Managed Services is now a mature business sector, although by its nature, it will continue to evolve, attract new entrants, stimulate innovations and grow as it takes over from the traditional IT industry.
Further changes in the industry are required though, especially in sales approach and the way it addresses and engages with customers if it is to achieve its full potential. These were some of the conclusions from a very successful Managed Services and Hosting Summit held in London on 17 September.
One of the issues facing, what is still a very fast developing area, is customers holding back from decisions because of the pace of change - "analysis-paralysis" as one speaker put it. MSPs need to get smarter at understanding their customers and their technology needs, as well as knowing how the different users within customers respond to the use of technology.
Changes in customer buying behaviour will affect how both the new breed of managed services providers and other service providers and resellers sell their solutions. Mark Paine of Gartner used recent Gartner research to show how traditional inbound sales techniques such as telesales were giving way to better customer communications generally with a better informed customer also providing impetus to sales. He said that selling to the new type of customer would be a challenge, with some 45% of IT spend already decentralised and this percentage rising.
Fears about possible commoditisation of the sector, were quickly allayed by David Bellini, president of ConnectWise, who has been selling managed services in some form or another for 25 years. He said that he was always sure of a premium over other service providers because his people were better, could sort issues out quicker and the solution he was providing was generally more reliable. "The commoditision scare comes round every few years, and we've seen them off each time," he argued. But it did depend on better internal management of the managed service provider. "Everything has a ticket, including people," he explained.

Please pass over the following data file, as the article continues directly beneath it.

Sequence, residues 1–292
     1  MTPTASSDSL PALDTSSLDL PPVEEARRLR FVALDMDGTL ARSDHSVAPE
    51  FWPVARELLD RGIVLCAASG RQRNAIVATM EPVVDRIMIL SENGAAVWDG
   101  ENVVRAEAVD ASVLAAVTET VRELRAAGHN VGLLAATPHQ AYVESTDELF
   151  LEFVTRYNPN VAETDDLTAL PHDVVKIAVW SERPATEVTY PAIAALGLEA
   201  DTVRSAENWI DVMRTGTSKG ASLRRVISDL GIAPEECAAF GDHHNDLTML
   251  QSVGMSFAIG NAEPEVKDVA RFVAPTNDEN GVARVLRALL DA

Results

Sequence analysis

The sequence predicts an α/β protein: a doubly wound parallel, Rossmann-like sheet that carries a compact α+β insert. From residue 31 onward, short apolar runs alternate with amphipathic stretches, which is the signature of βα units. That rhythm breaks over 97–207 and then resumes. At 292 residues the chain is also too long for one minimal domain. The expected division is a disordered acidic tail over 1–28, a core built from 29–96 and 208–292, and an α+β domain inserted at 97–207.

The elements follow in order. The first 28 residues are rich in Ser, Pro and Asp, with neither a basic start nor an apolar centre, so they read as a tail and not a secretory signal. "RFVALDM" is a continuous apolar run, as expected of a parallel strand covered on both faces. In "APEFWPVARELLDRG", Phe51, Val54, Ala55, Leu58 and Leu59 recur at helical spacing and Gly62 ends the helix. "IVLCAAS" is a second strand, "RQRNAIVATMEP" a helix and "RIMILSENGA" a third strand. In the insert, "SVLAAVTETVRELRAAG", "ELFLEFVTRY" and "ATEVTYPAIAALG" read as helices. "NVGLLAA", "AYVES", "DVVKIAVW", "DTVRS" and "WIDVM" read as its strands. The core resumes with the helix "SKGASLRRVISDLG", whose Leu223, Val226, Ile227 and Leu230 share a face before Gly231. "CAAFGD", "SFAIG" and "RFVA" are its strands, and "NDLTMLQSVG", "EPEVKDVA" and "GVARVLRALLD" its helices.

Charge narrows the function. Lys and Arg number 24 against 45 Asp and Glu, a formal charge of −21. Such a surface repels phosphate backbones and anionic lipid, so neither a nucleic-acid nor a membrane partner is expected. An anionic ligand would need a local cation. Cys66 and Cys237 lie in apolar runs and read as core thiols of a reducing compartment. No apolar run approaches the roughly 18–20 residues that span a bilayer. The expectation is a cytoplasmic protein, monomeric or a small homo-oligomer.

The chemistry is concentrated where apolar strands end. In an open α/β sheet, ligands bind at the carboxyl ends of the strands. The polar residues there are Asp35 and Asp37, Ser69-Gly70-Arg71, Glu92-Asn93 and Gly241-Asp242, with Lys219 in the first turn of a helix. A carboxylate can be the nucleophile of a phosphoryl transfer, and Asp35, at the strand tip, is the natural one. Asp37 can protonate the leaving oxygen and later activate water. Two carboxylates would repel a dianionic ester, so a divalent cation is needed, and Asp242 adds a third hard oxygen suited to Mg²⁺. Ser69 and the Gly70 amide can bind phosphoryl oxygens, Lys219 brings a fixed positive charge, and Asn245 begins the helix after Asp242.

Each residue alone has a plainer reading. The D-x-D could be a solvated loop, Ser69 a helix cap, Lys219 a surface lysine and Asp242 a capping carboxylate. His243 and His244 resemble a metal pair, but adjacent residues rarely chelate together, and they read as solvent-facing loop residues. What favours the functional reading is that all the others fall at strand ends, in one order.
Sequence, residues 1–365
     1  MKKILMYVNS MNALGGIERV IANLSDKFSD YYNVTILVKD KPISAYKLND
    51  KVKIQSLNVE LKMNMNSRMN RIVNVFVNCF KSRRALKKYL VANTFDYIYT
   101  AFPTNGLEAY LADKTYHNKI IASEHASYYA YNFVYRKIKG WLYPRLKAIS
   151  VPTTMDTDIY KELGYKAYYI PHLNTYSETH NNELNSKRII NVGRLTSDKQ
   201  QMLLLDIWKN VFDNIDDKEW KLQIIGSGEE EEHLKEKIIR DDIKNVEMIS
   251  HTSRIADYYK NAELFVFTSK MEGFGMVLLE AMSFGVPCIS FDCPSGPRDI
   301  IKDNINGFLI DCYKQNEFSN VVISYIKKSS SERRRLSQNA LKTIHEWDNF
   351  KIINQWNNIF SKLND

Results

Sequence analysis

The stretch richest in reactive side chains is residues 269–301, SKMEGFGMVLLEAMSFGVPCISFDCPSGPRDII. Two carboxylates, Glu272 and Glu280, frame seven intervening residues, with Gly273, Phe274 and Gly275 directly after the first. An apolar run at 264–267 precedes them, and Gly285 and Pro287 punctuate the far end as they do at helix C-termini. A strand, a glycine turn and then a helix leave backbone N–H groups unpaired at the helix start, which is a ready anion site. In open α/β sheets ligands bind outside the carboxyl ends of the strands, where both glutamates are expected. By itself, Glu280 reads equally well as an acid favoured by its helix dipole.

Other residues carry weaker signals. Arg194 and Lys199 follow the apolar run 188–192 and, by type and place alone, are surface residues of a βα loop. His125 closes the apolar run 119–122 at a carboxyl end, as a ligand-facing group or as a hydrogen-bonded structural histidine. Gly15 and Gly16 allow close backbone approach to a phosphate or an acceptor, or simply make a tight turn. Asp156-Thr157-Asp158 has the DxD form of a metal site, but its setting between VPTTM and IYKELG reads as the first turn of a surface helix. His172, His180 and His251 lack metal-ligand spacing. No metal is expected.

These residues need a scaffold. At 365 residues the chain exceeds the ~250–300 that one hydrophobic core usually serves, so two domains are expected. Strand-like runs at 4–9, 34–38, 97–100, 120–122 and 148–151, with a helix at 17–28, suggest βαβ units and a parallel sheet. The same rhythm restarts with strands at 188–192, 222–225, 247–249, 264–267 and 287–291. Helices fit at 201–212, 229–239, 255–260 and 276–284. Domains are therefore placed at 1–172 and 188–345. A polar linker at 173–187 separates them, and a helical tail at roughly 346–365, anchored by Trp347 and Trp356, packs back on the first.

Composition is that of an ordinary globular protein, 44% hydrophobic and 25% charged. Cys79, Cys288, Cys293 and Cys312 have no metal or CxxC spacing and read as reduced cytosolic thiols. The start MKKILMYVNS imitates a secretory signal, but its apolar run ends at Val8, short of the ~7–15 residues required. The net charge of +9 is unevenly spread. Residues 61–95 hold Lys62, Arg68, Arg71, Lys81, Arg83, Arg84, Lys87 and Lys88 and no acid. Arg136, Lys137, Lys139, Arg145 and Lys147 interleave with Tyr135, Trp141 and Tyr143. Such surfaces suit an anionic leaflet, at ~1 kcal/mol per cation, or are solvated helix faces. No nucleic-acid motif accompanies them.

Customers' rising expectations was also an issue, he said, and in such a fast moving industry what was perhaps regarded as a special term a year or so ago can swiftly become standard. This trend is being given additional momentum by "the millennials" now in the workforce. These people expect always-on communications, constant innovation and are less keen on face-to-face engagement; even turning against voice and phone communications. As customers, they will have very different demands on managed services from earlier generations, yet the MSPs will still need to cater for the expectations of more traditional users.
Mark Banfield, VP of International, Autotask talked about the customer experience in using technology. He cited recent Autotask research which highlighted the importance of quality of service, on time, to budget and to specification as well as the working relationship between MSPs and their customers. "And getting customers to ask you for advice, through a single point of contact," he says. "Lastly, price – which should not become an issue if you get the other things right. This works for us, we are absolutely not the cheapest in the market; we obsess about the customer experience."